right side of history but wrong side of Parliament
Published in The Australian, November 19, 2013.
IT is too early to call the result of the federal election definitively, since we have no way of knowing who might have written what on those 1375 missing West Australian ballot papers.
Clearly, however, Labor should prepare itself for the worst. Unjust as it seems, we must assume that the bloke in the Prime Minister’s chair who looks like Tony Abbott is, in fact, Tony Abbott, the one who is on the wrong side of history when it comes to climate change.
In an encouraging sign that the party may at last be coming to terms with its reduced circumstances, ALP national secretary George Wright all but conceded defeat when he addressed the National Press Club recently.
“When I became national secretary I set myself a number of goals,” Wright said.
“The first was to win the election – fail there obviously.”
Obviously. Yet for Wright and many of his comrades, September’s loss still seems inexplicable, since Labor clearly deserved to win, as it always does. Wright by name; right by nature. “I would say we are on the right side of history,” he continued. “We are on the right side of science, we are on the right side of economics and on the right side of preserving for the long term our living standards.”
Some might say that Labor is on the Left side of those issues, but let’s not quibble. The important thing to note is that the party is on the wrong side of the electorate, and therefore finds itself on the wrong side of parliament which in Wright’s line of business – winning elections – is problematic.
As Wright candidly concedes, “No one would be suggesting that I should have won the Norm Smith (Medal) for this election.”
Fail there too, obviously, but just look at the party’s achievements: tackling climate change, world-class broadband, fair workplace rights, balancing the demands of jobs and the environment.
“We must never walk away from them because they are our mandate,” Wright said. “They speak to who we are and who we represent.”
Once again, the Labor Party appears to be convinced that while they may not have run the best of election campaigns, it was the electorate that really stuffed it up.
And Kevin Rudd too, of course, but he has gone now, so everything is back on track. The party will show it is on the right side of history by digging in its heels in defence of an unsellable principle.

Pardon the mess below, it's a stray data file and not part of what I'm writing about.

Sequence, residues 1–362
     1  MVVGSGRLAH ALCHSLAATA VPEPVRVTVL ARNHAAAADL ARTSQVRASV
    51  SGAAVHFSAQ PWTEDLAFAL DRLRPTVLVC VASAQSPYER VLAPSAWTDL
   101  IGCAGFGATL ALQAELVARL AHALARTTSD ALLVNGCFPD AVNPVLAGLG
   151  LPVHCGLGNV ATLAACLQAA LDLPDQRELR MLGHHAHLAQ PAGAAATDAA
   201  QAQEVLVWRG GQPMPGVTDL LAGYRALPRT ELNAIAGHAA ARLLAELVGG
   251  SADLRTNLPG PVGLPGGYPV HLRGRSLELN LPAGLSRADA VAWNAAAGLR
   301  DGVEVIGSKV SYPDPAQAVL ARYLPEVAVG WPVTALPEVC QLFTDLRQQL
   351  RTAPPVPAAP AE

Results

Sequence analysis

Having failed to make a persuasive case to put a price on carbon from government at two elections, Labor will now try to make the case from opposition and see how things go.
Averting the coming climate catastrophe is, of course, a laudable ambition but Labor should surely have registered by now that tree hugging is a middle-class luxury the workers’ party can ill afford. In 1980, at the last federal election Labor fought on an unashamedly brown platform, the party scored 45 per cent of the primary vote.
Three years later, when Labor stood shoulder to shoulder with the Wilderness Society to stop decent bulldozer drivers going about their jobs on the banks of the Franklin River, there was a 4 per cent swing against the party in Tasmania.
It is heresy to talk like that these days, but at the time, wise heads could see the insanity of it all. “A Labor government knowingly put South Tasmanian blue-collar workers – living in an area which already had unemployment rates between 20 and 24 per cent – out of work to appease bourgeois Left and middle-class trendoids in the gentrified suburbs of Sydney and Melbourne,” wrote former Labor finance minister Peter Walsh.
Former Labor leader Bill Hayden noted that by embracing a hedonistic protest against an age of abundance, Labor attracted “better-educated and articulate new recruits with their particular form of middle-class values (who) reshaped aspects of Labor, causing it to shift ground, sometimes in dramatic fashion, to coincide more with the image of the good society”.
Bit by bit over the past 20 years, Labor has tiptoed away from its responsibility to protect jobs and living standards and remade itself into the party of the chattering classes.
It has not been a staggering success. In 1977, when the party’s primary vote fell below 40 per cent it was regarded as a disaster.
This election, primary support fell a further 7 per cent yet Wright hardly bats an eyelid. He insists that “Labor has good grounds for future optimism”.
The party has “a stronger, more inclusive and effective campaigning machine”, one that will “positively contribute to our competitiveness in future elections”.
Specifically, Wright tells us, the party has “increased by more than 10 times the size of (its) campaigning email list of potential volunteers and donors”.
It remains to be seen if Labor’s expanding email list can rescue the party’s declining fortunes, but one somehow doubts that even the party’s ebullient national secretary actually believes this balderdash.
Yet with the retirement of the last of Labor’s old guard this year, it is difficult to see who is capable of breaking the party out of its stupor and to persuade its leaders that no amount of sophisticated electronic campaigning will compensate for its error of judgment in defending an election-losing tax.
Without wishing to distract one iota from the importance of saving the planet, a more pressing task right now for Labor is to try to save itself.
– See more at: http://www.theaustralian.com.au/opinion/columnists/and-so-begins-the-taxing-task-of-labor-trying-to-save-itself/story-fnhulhjj-1226762816833#sthash.scRoYXG8.dpuf